Moon movies really kick off with A TRIP TO THE MOON, George Melies short and whimsical 1902 film. The story combines elements of Jules Verne and H.G. Wells: as in Verne’s From the Earth to the Moon, the astronauts ride in a space ship shot out of a canon; as in Wells’ First Men in the Moon, the Earth explorers discover crustacean-like Moon Men. But if Melies owes his humorous tone to anyone at all, it is to Edgar Allan Poe for his satirical hoax “The Unparalleled Adventure of One Hans Pfaall,” which describes a trip to the moon in a hot-air balloon. Fantasy rather than science fiction, Melies’ film has a group of men in business – rather than space – suits landing on the lunar surface, where they breathe without trouble about the lack of atmosphere; their umbrellas take root when stuck in the ground; and the annoying moon men go up in a puff of smoke when struck. The primitive quality of A TRIP TO THE MOON date it somewhat (Melies films all scenes in master shots, never cutting to different angles), but the film retains its charm over a century later. In 1929, the great Fritz Lang gave us WOMAN IN THE MOON, which is probably the first feature film to deal with the subject of lunar travel in a serious manner. The lengthy story (the restored version of the film runs over two hours) involves the rivalry during a mission that takes place following the discovery that large quantities of gold exists on the moon. Unfortunately, the silent film was drowned out by the clamor of the new sound era of film-making. Although neglected, at least one writer believes WOMAN IN THE MOON is “quite an amazing film” that “shows Lang at the height of his powers.” With Lang’s WOMEN IN THE MOON overlooked, the first film that earned recognition for offering a believable portrait of space travel is George Pal’s 1950 production of Robert Heinlein’s novel, DESTINATION MOON. A meticulous piece of work that stuck closely to the known science of its day, DESTINATION MOON is a landmark in terms of special effects and production design (including a wonderful panoramic painting of the lunar scenery by noted astronomical artist Chesley Bonestell); it is also, unfortunately, slightly dull. Without a threat of menacing aliens, the moon is not necessarily very interesting, so the film lacks drama, coming across a bit like a psuedo-documentary. Still, you have to give the film credit for the integrity of sticking to reality instead of drifting off into fantasy.
DESTINATION MOON was followed up by 1953’s less well-remembered PROJECT MOON BASE, which was also scripted by Heinlein. Meanwhile, the low-budget ROCKETSHIP X-M(1950) just missed the Moon: its rocket ship (containing Lloyd Bridges, among others) veers off course and lands on Mars instead – quite an impressive accomplishment. Also in 1953 was the immortal camp classic CAT-WOMEN OF THE MOON, which is more or less summed up in its title – what more could you possibly need to know?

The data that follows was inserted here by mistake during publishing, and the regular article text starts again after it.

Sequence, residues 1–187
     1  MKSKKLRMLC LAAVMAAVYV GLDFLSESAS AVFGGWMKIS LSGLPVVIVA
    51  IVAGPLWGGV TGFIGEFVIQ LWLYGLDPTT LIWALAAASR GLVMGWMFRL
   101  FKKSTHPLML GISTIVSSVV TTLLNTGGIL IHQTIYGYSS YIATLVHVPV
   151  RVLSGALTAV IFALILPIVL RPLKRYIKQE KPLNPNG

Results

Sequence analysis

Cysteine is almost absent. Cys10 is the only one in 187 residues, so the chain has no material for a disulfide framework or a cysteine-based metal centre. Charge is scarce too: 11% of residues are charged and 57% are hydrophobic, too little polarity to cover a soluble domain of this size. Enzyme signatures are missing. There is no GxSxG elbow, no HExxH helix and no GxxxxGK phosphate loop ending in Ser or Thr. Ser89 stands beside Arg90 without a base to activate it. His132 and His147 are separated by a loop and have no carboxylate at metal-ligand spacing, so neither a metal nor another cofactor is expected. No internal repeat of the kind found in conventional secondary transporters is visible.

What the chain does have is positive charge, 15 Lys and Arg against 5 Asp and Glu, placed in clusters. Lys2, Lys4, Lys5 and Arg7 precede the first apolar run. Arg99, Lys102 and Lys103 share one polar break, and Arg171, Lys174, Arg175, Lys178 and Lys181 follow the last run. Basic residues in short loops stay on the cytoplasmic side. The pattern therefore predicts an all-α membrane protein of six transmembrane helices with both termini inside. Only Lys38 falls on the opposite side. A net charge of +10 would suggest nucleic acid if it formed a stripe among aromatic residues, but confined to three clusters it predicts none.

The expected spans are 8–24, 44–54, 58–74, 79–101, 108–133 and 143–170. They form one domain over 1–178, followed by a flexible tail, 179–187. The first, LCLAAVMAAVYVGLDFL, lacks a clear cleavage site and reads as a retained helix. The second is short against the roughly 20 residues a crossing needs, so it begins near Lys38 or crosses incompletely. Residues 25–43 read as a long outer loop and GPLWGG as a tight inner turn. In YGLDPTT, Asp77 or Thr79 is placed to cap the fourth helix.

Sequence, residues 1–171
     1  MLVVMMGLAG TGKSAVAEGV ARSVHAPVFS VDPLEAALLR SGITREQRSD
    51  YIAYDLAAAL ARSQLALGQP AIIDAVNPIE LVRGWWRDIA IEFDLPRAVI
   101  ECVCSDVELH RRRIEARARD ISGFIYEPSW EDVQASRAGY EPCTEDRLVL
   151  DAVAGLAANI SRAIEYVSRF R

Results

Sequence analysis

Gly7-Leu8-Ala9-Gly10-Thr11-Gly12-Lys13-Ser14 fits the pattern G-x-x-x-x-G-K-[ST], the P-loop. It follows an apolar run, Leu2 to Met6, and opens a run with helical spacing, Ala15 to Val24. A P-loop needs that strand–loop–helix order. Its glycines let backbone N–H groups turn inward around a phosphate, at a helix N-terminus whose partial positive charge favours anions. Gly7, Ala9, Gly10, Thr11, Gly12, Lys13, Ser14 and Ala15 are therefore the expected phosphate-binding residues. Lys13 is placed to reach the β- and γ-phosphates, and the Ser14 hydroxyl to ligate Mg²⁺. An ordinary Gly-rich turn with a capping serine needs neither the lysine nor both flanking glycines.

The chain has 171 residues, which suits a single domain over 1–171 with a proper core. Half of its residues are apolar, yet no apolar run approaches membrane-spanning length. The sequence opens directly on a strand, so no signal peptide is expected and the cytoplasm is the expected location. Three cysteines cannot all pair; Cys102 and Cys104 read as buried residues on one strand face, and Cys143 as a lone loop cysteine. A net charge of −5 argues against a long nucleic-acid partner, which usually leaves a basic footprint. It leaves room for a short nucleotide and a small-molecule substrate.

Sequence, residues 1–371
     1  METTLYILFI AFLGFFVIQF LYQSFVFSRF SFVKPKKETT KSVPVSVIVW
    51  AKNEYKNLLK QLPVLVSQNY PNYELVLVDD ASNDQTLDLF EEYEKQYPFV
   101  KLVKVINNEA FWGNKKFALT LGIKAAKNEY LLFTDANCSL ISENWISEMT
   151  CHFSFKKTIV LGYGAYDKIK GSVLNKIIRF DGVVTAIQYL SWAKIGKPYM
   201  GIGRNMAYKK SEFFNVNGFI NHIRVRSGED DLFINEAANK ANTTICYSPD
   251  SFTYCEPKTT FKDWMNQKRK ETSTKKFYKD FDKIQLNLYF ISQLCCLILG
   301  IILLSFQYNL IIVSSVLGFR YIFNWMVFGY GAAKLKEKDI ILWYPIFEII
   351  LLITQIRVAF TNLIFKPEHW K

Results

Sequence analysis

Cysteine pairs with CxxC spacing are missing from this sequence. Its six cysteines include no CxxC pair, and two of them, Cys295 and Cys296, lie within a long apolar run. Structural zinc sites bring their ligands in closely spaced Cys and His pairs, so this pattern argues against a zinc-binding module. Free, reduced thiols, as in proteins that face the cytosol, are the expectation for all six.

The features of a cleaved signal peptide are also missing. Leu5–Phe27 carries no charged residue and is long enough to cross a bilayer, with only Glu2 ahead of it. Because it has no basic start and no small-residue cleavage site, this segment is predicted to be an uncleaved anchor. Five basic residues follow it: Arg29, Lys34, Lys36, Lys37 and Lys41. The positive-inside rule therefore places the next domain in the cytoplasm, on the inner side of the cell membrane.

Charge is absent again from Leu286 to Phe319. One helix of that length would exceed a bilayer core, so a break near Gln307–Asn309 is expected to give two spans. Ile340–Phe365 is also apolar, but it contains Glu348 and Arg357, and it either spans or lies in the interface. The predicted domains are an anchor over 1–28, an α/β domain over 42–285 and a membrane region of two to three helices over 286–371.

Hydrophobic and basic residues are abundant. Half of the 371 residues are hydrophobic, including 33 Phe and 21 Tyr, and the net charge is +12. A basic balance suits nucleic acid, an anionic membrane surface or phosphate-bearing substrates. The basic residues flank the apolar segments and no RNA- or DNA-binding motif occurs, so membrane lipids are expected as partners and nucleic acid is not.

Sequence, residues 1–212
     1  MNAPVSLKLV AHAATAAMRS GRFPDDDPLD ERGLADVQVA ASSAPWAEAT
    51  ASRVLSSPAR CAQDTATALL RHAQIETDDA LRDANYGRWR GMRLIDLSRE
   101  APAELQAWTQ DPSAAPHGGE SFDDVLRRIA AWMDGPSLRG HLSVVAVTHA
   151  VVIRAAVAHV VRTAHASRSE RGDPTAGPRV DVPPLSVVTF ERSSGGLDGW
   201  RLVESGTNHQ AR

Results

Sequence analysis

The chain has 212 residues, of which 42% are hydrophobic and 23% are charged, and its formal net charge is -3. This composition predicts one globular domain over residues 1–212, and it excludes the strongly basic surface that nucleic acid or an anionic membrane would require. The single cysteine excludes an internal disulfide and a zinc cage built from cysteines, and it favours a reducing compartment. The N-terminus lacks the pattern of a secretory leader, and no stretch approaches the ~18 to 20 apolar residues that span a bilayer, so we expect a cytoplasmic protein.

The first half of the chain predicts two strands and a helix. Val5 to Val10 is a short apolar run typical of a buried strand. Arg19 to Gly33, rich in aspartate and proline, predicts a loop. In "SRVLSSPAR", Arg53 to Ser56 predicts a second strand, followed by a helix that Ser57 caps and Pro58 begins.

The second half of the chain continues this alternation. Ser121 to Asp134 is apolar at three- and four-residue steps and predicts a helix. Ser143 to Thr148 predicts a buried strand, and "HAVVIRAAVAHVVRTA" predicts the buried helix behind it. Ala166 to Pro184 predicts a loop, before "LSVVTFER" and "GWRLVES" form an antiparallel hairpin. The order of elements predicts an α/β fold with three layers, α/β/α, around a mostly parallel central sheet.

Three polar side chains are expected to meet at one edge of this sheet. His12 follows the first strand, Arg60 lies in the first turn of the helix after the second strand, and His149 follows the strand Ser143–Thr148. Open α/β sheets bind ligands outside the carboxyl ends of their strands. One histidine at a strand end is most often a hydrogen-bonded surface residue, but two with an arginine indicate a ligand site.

In 1958, Hollywood stars Joseph Cotten and George Sanders went FROM THE EARTH TO THE MOON. This competent but mostly forgotten film version of the Jules Verne novel suffered a bit from the passage of time between the source material and the adaptation. Verne often made uncanny predictions about the possibilities of air travel and space flight (From the Earth to the Moon predicts that America is the country with the ambition and ability to reach the moon, and based on the fact that the rotation of the Earth would provide an extra boost to any rocket launch, Verne picks Texas and Florida as the likely launching sites.) However, the method of travel – shooting a space ship out of a canon – would instantly kill any astronauts on board.
The same year as FROM THE EARTH TO THE MOON, Hollywood gave us MISSILE TO THE MOON, about a pair of escaped convicts who are forced by a scientist to pilot the titular ship – the plot twist being that the scientist is actually a moon-man who wants to get back home. 1963 gave us THE MOUSE ON THE MOON, a political satire directed by Richard Lester (who would go on to direct A HARD DAY’S NIGHT). This sequel to THE MOUSE THAT ROARED (in which a tiny country named Grand Fenwick declares war on the U.S. in the hope of being rebuilt with American dollars after being defeated) depicts what happens when Grand Fenwick decides to enter the space race: Not only do they win; they end up rescuing the astroanut teams from the U.S. and the U.S.S.R. The film suffers a bit from the absence of Peter Sellers (who played multiple roles in ROARED), but Ron Moody, Margaret Rutherford, and Terry-Thomas do a good job of filling his shoes. The New York Times’ film critic Bosley Crowther called the result “a blithely outrageous spoof” full of “daffy situations and some very droll dialogue.”